GELB: I don‘t know if the Shia will go along with it because they haven‘t gone through that bargaining process, that states that try to work it out do when they put together a constitution. A constitution is a way of sharing power and protecting rights. And each of these groups in Iraq, the Kurds, the Sunni Arabs and the Shiite Arabs has got to feel that the constitution and the new political situation will protect their own interests, their basic interests and their basic values. And if that doesn‘t happen, these elections won‘t mean a darn thing.
MITCHELL: Do you think there is a way that the administration can, should, and perhaps already is looking for an exit strategy—post-election exit strategy to start turning more and more responsibilities significantly over to the Iraqis themselves, even if their political process is still in flux?
GELB: That‘s what all you smart guys in Washington are saying, that President Bush has this secret plan and Dick Cheney is planning to use the elections as a lever for our withdrawal. I don‘t believe it. I think they understand the consequences of that kind of withdrawal in the face of a defeat would be disastrous for the United States.
What we‘ve got to figure out is how to put that country back together in a way where the main groups will fight for themselves, where they‘ll take on the insurgents. And we can do that by starting with the fact that Iraq is a political insurgency and you have got to work out a political agreement in order to make the military force work.
We went through this all with Vietnam. You remember it very well. We trained the South Vietnamese forces very well but they didn‘t have a government to fight for. You have got to make it so the Kurds have something to fight for, the Shiites, and the Sunnis.
And then our military force will take effect and then we‘ll be able to get out. This is all possible. But to go through this notion of elections without an underlying power-sharing deal is not going to advance the situation at all.
MITCHELL: Well, thank you. Thank you very much, Les Gelb, with your Vietnam experience you know exactly what you‘re talking about about this.
Up next, what do the changes in leadership at the CIA mean for the agency and intelligence gathering? 9/11 co-chairs Tom Kean and Lee Hamilton will be here. Your are watching HARDBALL on MSNBC.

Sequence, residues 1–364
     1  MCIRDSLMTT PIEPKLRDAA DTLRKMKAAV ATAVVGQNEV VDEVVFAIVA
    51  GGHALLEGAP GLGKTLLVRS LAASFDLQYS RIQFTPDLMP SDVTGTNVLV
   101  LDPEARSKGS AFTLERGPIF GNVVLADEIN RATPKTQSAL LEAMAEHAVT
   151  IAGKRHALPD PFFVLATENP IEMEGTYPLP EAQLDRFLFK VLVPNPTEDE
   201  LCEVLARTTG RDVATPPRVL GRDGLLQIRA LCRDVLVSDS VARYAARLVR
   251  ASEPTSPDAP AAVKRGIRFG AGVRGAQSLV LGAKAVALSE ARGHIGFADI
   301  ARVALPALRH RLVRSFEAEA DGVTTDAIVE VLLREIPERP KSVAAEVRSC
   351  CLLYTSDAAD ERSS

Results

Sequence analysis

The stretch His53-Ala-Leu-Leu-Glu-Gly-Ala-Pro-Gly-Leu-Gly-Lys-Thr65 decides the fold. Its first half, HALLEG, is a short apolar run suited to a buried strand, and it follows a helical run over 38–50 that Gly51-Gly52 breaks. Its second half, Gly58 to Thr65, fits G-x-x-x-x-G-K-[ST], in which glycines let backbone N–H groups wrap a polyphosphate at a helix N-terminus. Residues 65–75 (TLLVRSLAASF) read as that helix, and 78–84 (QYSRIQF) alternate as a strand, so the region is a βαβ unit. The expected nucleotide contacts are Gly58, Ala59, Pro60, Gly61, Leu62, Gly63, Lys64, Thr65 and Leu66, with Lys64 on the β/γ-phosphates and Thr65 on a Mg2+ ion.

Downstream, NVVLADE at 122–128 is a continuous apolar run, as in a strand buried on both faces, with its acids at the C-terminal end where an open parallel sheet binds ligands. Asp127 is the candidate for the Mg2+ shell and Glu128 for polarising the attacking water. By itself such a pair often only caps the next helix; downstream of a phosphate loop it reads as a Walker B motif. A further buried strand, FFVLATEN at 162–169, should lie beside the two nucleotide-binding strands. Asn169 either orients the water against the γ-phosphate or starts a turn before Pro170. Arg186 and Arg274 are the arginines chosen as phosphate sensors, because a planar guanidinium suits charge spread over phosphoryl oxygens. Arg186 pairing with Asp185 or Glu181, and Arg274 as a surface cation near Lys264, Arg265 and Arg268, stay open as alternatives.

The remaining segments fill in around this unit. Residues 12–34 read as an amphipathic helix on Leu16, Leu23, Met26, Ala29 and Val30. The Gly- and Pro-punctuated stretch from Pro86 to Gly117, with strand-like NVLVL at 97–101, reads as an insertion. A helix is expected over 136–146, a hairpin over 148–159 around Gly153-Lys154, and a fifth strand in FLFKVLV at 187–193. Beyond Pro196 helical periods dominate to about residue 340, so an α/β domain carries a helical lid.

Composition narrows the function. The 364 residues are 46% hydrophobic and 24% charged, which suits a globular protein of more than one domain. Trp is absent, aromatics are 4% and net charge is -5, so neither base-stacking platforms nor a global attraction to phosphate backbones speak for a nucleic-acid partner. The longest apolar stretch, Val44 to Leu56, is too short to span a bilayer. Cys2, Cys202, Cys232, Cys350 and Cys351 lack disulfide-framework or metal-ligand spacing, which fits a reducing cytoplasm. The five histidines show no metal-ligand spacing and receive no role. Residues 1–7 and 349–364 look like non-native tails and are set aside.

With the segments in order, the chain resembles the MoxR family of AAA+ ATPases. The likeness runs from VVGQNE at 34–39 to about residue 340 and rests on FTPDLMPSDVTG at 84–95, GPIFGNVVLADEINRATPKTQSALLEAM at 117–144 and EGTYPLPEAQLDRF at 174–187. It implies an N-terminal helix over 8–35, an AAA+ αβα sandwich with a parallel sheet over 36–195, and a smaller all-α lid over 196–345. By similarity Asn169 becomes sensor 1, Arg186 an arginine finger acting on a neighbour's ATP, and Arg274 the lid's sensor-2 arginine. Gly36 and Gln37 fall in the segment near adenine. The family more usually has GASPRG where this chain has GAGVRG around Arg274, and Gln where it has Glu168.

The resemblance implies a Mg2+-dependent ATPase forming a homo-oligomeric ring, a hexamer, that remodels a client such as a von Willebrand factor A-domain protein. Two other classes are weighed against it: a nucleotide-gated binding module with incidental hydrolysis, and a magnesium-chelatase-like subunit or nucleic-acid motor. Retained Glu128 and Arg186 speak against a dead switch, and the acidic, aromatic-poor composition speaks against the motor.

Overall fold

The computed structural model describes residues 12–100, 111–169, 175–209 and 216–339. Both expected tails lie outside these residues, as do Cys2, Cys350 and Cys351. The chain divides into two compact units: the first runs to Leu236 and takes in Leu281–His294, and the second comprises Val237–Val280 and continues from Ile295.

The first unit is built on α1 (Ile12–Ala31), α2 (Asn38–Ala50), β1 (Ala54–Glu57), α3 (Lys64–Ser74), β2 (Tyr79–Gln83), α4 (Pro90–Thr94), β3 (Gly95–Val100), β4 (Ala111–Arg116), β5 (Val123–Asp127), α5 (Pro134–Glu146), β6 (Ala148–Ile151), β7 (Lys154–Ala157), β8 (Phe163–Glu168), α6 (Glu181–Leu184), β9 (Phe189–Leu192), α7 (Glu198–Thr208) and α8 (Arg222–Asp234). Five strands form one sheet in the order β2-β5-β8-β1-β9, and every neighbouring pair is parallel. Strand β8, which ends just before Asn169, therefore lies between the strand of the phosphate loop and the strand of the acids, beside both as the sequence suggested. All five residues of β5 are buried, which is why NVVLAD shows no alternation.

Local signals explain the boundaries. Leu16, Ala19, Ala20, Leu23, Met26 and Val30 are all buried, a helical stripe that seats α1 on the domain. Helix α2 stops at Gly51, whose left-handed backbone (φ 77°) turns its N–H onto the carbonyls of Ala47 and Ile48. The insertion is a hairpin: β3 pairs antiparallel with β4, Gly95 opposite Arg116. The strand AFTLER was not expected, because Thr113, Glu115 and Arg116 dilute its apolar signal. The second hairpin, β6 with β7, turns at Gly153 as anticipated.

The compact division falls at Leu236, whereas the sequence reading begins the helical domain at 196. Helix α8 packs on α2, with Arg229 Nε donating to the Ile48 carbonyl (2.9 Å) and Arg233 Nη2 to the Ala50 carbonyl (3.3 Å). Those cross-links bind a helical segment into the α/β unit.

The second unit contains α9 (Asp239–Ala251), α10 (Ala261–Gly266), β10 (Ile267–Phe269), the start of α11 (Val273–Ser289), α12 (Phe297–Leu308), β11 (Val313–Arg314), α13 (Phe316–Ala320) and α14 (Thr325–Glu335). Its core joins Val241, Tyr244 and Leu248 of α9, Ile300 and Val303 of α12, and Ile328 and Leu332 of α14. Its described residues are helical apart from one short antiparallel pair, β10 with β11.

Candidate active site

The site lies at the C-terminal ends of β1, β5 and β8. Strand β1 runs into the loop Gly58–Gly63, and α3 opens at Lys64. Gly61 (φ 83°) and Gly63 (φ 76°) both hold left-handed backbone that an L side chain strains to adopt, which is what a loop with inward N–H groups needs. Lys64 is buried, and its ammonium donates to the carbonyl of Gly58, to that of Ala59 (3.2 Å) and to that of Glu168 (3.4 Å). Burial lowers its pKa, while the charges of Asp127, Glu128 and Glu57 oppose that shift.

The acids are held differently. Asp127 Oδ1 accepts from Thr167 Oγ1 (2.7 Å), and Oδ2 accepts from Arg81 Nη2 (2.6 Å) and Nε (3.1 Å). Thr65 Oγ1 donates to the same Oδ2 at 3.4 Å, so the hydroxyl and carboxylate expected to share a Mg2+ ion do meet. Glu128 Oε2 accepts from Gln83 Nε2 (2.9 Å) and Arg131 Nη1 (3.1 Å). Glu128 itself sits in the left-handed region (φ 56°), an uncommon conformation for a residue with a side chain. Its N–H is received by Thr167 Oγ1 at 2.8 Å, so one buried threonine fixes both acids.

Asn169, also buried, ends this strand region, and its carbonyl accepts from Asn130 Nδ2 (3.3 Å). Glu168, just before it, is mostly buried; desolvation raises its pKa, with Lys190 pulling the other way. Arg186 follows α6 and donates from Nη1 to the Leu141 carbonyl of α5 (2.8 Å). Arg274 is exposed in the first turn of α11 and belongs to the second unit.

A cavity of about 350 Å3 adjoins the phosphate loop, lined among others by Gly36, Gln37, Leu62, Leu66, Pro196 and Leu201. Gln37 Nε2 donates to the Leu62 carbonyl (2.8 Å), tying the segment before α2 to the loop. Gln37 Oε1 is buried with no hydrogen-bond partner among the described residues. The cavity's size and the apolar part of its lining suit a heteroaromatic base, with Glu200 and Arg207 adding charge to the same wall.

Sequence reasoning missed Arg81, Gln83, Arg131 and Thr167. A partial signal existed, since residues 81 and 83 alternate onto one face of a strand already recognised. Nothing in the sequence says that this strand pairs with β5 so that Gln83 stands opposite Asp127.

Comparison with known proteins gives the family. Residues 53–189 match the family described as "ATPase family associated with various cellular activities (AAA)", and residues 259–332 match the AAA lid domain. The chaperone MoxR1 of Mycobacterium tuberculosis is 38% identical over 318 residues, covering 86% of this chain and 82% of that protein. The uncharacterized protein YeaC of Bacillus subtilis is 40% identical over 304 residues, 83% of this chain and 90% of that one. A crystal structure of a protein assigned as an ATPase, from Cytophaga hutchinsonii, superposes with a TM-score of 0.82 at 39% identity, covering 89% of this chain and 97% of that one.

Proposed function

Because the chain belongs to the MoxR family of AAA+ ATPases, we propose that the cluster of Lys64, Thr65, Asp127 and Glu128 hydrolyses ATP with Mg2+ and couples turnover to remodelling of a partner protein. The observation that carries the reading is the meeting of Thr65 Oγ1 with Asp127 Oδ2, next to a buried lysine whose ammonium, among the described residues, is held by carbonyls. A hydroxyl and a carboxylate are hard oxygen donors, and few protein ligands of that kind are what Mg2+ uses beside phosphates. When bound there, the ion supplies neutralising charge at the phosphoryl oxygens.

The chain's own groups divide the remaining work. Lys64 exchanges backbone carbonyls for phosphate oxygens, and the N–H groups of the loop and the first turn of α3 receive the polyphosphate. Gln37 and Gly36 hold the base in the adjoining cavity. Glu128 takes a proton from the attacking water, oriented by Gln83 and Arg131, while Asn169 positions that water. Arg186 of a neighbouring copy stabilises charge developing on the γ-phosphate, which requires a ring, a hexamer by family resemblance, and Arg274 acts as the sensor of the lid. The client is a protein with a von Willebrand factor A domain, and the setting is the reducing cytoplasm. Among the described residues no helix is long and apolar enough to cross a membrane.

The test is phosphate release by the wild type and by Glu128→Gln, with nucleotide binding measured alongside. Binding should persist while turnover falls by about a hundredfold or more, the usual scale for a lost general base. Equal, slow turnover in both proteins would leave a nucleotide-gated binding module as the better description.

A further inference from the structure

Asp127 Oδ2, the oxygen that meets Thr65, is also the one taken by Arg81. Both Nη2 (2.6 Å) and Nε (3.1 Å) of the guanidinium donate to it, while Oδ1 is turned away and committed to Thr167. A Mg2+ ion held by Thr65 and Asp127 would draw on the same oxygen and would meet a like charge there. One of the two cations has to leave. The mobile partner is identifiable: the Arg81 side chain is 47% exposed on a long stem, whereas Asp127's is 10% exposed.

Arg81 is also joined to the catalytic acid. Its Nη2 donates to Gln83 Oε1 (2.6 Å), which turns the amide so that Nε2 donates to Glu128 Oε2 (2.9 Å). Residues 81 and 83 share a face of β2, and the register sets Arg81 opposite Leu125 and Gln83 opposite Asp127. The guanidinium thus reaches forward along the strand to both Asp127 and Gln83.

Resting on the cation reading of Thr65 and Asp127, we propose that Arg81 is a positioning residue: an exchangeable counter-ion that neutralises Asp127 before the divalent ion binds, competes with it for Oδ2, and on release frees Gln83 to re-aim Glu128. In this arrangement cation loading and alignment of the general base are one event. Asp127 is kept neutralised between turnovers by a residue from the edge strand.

MITCHELL: Welcome back to HARDBALL. The shakeup at the CIA continues. CIA Director Porter Goss has forced out Jami Miscik, the deputy director of the agency‘s analytical department. Her departure is the latest in an exodus of top officials, including the agency‘s deputy director and two senior officials at the clandestine service.
Is it a good idea for the CIA to be purging it‘s senior ranks as we fight the war on terror and the war in Iraq?
Former Governor Tom Kean chaired the 9/11 commission. And former Congressman Lee Hamilton served as the commission‘s vice chair.
Welcome to both of you.
Governor Kean, first to you, what about all the changes at the CIA, is that a good sign or bad sign?
THOMAS KEAN, 9/11 COMMISSION CHAIRMAN: Well, it depends. I think it‘s probably a good sign if it‘s part of a plan and it‘s an understandable plan. And secondly, depending who is going to replace those people. There are very, very good people within the CIA if some of those good people are brought up to replace the people who were left. And yes, it‘s a good reorganization, it‘s a good plan. But if the people who replace those people aren‘t first class, obviously it‘s not a good idea.
MITCHELL: Congressman Hamilton, what about the morale issue and the fact there is so great a turnover, does this create the possibility that there won‘t be continuity on key issues such as these terror threats?
LEE HAMILTON, 9/11 COMMISSION VICE CHAIR: I think any director coming in should have the prerogative to put people that he has confidence in, trusts implicitly in the top positions. That‘s a very large agency out there, and only a few positions have really changed hands. Now, they‘ve been key positions.